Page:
Any religion has in itself 2 opposite vectors.
One of these vectors is to unite people, e.g. ‘we are all Muslims’, ‘we are all Orthodox Christians’, etc.
The other is to disunite people, e.g. ‘we are Muslims, but they are Christians’, ‘we are Orthodox, but they are Catholics’, etc.
Both of these vectors are present in any religion. But the proportion between them can be different. By seeing what vector prevails, one can recognize how advanced a particular religion is on the whole. The greater the vector of disunion, enmity, opposition – the lower the energy level of that religion.
The situation is similar for the people within each religion. Each has their own level, and it can be distinguished by the intensity of the vector of disunion.
In Saints (who have always existed and are present within the framework of any world religion) the disunion vector is practically absent. In other words, they understand perfectly that any religion is just one of the possible paths to be taken.
This brings to mind an interesting story told by John Bennett in his memoirs (titled “Witness: The Autobiography of John Bennett”). Incidentally, his book has significantly changed my attitude toward Islam in general, and I highly recommend it for reading.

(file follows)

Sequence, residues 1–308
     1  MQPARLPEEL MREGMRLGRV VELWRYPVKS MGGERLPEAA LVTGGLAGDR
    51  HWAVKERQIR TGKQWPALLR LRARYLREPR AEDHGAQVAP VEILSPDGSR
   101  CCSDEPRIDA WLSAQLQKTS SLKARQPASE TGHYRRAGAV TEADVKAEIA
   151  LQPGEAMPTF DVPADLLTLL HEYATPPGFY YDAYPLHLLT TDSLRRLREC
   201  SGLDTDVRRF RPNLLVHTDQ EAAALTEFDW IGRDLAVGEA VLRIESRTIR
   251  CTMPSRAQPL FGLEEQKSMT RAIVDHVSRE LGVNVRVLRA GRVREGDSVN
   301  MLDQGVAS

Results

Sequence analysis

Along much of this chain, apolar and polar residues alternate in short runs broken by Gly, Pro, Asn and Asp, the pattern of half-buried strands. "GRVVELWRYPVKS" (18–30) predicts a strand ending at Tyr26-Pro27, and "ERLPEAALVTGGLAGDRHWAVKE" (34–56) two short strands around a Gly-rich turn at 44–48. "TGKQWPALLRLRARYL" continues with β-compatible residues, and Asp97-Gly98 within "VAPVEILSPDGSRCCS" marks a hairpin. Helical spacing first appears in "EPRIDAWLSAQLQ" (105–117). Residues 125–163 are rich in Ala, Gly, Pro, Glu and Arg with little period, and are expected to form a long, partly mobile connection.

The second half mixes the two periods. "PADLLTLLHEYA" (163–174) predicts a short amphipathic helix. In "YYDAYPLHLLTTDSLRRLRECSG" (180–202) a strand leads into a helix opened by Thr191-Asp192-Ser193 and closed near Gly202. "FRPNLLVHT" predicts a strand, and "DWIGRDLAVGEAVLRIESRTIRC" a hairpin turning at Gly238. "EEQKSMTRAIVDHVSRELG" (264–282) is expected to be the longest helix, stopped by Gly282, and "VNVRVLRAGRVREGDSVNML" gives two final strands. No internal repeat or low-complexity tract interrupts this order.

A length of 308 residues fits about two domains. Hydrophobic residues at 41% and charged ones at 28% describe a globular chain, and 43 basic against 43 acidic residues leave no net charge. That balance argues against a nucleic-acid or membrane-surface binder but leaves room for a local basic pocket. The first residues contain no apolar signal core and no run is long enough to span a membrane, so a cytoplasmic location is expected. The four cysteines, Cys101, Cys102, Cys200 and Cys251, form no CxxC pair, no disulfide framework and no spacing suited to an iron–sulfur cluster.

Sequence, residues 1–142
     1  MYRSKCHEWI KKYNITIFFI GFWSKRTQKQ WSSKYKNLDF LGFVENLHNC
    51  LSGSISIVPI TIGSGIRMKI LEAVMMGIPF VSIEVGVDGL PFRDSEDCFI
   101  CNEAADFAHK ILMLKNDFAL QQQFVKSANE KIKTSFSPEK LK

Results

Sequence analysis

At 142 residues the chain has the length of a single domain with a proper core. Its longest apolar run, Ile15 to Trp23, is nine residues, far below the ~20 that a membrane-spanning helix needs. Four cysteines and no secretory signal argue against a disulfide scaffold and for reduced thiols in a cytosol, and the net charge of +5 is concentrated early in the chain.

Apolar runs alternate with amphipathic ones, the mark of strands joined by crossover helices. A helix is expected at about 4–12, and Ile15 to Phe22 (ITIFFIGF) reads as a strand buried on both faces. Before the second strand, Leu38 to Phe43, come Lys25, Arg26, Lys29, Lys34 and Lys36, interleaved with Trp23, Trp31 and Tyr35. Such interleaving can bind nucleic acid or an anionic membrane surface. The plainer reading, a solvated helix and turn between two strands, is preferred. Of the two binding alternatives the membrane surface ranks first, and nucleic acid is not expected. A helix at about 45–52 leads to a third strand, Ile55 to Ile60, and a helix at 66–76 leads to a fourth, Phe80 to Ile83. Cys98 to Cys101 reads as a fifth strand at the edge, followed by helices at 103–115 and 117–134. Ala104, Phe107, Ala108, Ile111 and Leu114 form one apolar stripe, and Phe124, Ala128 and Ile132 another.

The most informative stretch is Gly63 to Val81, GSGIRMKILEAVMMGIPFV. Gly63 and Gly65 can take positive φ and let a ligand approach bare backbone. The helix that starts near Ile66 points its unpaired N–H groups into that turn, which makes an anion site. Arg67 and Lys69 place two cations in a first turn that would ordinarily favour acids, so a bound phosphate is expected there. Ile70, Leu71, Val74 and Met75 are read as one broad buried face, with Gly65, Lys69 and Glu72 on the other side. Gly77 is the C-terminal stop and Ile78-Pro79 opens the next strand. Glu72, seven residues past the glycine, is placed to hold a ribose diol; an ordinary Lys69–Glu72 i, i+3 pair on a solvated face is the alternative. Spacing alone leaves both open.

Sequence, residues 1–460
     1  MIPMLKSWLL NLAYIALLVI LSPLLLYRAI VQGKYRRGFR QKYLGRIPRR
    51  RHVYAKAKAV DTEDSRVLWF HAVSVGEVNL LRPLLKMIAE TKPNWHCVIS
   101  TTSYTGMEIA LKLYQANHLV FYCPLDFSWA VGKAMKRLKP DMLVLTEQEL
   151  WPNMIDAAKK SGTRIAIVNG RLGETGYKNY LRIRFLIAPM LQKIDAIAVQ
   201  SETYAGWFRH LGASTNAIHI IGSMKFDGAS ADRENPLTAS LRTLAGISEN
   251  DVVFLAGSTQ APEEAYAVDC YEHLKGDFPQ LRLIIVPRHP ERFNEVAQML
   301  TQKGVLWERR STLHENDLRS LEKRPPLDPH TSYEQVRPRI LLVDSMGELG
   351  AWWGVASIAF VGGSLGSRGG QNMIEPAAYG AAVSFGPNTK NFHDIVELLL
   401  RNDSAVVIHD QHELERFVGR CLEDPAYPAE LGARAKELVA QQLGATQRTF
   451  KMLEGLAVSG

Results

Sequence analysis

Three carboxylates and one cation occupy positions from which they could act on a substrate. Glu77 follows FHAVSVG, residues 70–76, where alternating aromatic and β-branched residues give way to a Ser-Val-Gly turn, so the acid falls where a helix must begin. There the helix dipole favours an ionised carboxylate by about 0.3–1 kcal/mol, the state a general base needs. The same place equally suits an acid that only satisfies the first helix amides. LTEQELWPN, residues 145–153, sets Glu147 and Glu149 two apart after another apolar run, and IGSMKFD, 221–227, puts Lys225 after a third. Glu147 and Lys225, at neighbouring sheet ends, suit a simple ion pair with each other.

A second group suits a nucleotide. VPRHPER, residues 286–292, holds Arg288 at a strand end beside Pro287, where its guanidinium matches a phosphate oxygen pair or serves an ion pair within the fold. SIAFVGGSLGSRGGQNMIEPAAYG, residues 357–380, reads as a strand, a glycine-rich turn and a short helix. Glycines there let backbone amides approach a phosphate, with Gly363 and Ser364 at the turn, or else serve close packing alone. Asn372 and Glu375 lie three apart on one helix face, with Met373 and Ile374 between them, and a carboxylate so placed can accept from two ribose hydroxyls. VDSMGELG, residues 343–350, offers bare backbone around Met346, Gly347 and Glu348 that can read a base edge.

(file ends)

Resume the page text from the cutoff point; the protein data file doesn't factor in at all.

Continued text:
Bennett was a British resident in Turkey during the First World War and mixed with the highest circles of the Turkish nobility and government. He became interested in Sufi orders, was allowed to attend Sufi rituals and even participated in them – a rare occasion for a European Christian.
During a later stage in his life, Bennett became seriously interested in Islam (he had many such different stages, for example, at one point he had tried following a completely different path – he was a disciple of Gurdjieff). To be precise, his interest lay in the Sufi direction in Islam; he became a dervish, and, as he himself writes,
“had decided that I would partake in their (the dervishes) life as much as possible.”
Bennett met with many wonderful Sufis. One of them, Emin Bey, told him
about a Christian priest converted to Islam. The priest offered to publicly announce his conversion to another faith. “That would be stupid,” Emin told him. “Islam has degraded no less than Christianity has… Live the teachings of the Koran, which correspond to the evangelical commandments. Pray in secret, but do good to people openly. Those who learn about your good deeds will, perhaps, come to you for advice – and then you can show them the right path. By doing so you will achieve more than you would with any public announcement.”
And further instructed him to
“Never forget that the summit of all religions is contained within one word – HUMAN… Becoming human is the only thing that matters, and the external appearance does not mean anything.”